Today on the site, the great cartoonist Mark Newgarden interviews comics historian and Harvey Kurtzman biographer Bill Schelly about his writing, and his latest book, which focuses on the legendary John Stanley.
Who was John Stanley? Can you describe some of the inherent difficulties you encountered in researching the life and career of this significant, yet (nearly) anonymous mid-20th century multi-mass-media worker?
John Stanley was born in 1914, a son of Irish immigrants who was brought up in the Bronx, and lived in New York City environs all his life. He died in 1993. He only gave three interviews in his life, two of them being question-and-answer sessions on panels at NewCon 1976, the only comicon he ever attended. He shunned the limelight, largely because of his natural reticence plus an extremely self-deprecating attitude about his work, and a career that ended badly. In contrast, Harvey Kurtzman must have given forty or fifty interviews, many of them extensive.
By 2014, when I starting doing my research, virtually all his colleagues and friends, not to mention his birth family and wife, had passed away. Only a few had been interviewed about him. His son Jim Stanley, the chief caretaker of his father’s legacy, was born in 1962 and he was still a child when his father quit comics in 1970. So putting John’s story together, and tracing how one event led to another, was a challenge. I’m happy with the way it turned out. I was able to unearth a lot of previously unknown stuff.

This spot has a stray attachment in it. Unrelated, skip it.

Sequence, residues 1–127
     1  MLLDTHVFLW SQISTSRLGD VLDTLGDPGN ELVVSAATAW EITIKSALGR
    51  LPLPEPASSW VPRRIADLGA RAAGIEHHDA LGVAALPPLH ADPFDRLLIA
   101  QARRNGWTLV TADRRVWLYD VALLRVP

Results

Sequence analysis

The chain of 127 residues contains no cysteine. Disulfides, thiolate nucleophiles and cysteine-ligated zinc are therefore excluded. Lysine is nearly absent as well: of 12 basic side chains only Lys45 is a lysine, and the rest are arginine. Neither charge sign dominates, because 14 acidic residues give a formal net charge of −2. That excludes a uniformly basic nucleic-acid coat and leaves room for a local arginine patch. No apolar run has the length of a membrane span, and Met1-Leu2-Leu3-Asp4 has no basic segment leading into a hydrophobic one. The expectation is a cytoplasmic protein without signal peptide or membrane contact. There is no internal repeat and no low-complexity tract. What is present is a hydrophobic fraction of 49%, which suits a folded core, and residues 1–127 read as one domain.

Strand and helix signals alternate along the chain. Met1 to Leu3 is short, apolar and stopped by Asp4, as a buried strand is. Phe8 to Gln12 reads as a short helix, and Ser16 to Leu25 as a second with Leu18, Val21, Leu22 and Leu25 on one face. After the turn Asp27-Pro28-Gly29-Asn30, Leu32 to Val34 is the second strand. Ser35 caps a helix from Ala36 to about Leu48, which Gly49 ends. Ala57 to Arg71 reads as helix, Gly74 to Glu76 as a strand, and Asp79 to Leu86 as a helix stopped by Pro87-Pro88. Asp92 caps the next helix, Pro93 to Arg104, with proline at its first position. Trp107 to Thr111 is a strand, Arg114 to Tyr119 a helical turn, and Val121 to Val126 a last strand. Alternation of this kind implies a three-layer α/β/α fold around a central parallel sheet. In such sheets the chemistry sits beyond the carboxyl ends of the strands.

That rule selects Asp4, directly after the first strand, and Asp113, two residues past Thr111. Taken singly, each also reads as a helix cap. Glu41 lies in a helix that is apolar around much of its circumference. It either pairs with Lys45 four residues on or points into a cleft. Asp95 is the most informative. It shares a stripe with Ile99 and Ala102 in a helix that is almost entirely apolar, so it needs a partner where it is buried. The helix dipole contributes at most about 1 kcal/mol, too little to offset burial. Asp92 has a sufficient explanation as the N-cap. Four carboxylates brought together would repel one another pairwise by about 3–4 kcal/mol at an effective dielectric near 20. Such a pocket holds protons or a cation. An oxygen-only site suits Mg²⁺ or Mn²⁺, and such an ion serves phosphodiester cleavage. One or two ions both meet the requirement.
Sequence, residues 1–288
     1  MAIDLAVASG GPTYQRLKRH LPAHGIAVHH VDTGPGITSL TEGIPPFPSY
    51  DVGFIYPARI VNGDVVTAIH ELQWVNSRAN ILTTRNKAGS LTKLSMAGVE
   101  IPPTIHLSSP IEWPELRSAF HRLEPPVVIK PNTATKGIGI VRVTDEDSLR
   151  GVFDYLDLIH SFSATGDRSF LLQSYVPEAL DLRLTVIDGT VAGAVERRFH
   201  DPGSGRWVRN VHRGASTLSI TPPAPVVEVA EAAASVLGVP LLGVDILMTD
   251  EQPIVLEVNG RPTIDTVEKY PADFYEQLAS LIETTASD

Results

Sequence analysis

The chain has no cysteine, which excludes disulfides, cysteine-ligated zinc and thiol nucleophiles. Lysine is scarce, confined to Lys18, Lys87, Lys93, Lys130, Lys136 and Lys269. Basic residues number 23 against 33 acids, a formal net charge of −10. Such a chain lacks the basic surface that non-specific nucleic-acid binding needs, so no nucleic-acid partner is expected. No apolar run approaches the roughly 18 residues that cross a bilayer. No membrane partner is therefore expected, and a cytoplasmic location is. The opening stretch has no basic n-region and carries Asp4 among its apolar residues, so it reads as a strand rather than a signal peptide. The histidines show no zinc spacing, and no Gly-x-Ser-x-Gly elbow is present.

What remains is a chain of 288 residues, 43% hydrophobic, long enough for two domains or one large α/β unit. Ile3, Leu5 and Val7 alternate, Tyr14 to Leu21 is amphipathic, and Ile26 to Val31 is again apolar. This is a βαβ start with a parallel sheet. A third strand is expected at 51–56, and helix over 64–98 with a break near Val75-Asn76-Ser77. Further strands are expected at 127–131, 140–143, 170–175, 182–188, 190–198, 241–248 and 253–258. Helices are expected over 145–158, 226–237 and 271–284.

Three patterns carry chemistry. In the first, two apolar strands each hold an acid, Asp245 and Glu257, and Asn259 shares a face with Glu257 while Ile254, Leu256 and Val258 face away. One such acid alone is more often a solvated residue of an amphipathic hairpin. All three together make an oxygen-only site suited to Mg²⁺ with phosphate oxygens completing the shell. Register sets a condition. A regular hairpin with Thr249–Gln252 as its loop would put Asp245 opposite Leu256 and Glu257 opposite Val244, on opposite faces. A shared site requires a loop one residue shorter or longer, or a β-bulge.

—Interviews & Profiles. Paul Morton interviews Guy Delisle.
This is the longest graphic narrative I can think of that takes place in a single room for most of it. There are a lot of movies that do the same, recently Room, but also Lifeboat and any number of adaptations of plays. Did you look to those films to develop any strategies?
No. I saw Lifeboat a very long time ago. I didn’t see Room. I saw part of it on the airplane. Movies are very different from comic books even though they look alike. I kept my drawing very simple. It’s a real-life story. The more you put special effects in a real-life story, the less it’s going to look like a real-life story. It’s going to look like a Hollywood blockbuster. I didn’t need to reference movies that are so different.